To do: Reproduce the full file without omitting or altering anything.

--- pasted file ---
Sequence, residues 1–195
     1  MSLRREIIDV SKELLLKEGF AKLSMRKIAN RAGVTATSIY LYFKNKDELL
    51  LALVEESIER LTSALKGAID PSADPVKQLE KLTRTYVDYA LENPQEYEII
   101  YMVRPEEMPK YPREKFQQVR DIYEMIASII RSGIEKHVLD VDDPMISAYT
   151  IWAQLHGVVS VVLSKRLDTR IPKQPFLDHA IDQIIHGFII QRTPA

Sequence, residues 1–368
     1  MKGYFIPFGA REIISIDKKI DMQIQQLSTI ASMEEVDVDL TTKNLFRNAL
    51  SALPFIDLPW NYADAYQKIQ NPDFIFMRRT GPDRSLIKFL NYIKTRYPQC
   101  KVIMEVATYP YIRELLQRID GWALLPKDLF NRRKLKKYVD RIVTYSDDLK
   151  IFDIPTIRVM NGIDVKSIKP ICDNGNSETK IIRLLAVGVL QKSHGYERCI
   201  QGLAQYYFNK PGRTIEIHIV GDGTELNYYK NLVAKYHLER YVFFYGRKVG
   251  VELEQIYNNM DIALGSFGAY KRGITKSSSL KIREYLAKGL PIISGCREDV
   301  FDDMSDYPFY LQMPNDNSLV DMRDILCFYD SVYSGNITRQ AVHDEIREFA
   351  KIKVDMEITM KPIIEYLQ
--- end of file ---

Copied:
Sequence, residues 1–195
     1  MSLRREIIDV SKELLLKEGF AKLSMRKIAN RAGVTATSIY LYFKNKDELL
    51  LALVEESIER LTSALKGAID PSADPVKQLE KLTRTYVDYA LENPQEYEII
   101  YMVRPEEMPK YPREKFQQVR DIYEMIASII RSGIEKHVLD VDDPMISAYT
   151  IWAQLHGVVS VVLSKRLDTR IPKQPFLDHA IDQIIHGFII QRTPA

Sequence, residues 1–368
     1  MKGYFIPFGA REIISIDKKI DMQIQQLSTI ASMEEVDVDL TTKNLFRNAL
    51  SALPFIDLPW NYADAYQKIQ NPDFIFMRRT GPDRSLIKFL NYIKTRYPQC
   101  KVIMEVATYP YIRELLQRID GWALLPKDLF NRRKLKKYVD RIVTYSDDLK
   151  IFDIPTIRVM NGIDVKSIKP ICDNGNSETK IIRLLAVGVL QKSHGYERCI
   201  QGLAQYYFNK PGRTIEIHIV GDGTELNYYK NLVAKYHLER YVFFYGRKVG
   251  VELEQIYNNM DIALGSFGAY KRGITKSSSL KIREYLAKGL PIISGCREDV
   301  FDDMSDYPFY LQMPNDNSLV DMRDILCFYD SVYSGNITRQ AVHDEIREFA
   351  KIKVDMEITM KPIIEYLQ